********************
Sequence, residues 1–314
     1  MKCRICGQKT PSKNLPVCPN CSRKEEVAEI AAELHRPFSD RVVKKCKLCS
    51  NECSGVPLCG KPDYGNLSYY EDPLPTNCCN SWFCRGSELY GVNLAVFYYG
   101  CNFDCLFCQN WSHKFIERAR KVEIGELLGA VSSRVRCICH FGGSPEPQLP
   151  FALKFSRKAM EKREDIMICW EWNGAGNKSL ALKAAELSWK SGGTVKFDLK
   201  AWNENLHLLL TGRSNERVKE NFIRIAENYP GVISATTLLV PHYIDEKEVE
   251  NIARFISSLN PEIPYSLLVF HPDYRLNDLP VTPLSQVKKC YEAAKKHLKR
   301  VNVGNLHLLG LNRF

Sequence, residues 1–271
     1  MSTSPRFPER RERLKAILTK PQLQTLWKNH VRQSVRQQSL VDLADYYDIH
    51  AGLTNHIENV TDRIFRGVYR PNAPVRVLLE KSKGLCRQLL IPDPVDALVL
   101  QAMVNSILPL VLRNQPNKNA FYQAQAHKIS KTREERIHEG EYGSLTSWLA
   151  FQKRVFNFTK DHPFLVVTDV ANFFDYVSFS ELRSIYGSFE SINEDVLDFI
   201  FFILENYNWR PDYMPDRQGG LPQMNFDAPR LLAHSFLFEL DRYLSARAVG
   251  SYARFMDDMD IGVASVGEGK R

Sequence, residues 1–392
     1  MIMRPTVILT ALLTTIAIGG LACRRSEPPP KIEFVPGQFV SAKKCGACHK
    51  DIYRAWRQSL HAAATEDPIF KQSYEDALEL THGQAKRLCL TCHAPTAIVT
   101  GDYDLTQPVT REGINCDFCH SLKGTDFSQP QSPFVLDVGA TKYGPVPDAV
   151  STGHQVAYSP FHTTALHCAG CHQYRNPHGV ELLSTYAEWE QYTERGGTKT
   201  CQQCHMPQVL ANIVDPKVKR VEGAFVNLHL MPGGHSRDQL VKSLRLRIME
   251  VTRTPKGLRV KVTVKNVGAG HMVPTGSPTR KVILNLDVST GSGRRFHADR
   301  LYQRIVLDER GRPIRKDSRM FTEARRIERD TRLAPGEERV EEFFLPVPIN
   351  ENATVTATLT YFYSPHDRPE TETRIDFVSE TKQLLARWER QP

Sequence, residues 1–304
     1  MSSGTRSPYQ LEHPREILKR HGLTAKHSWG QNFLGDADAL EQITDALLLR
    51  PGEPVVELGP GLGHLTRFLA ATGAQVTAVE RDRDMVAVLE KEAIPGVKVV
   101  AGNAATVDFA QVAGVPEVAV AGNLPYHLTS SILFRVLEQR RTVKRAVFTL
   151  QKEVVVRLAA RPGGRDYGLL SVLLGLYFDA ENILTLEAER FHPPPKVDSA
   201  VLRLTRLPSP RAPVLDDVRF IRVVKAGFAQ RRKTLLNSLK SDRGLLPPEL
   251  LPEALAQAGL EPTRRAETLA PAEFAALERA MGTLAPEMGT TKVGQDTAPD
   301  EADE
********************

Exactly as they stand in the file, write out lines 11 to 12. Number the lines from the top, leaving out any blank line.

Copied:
    51  AGLTNHIENV TDRIFRGVYR PNAPVRVLLE KSKGLCRQLL IPDPVDALVL
   101  QAMVNSILPL VLRNQPNKNA FYQAQAHKIS KTREERIHEG EYGSLTSWLA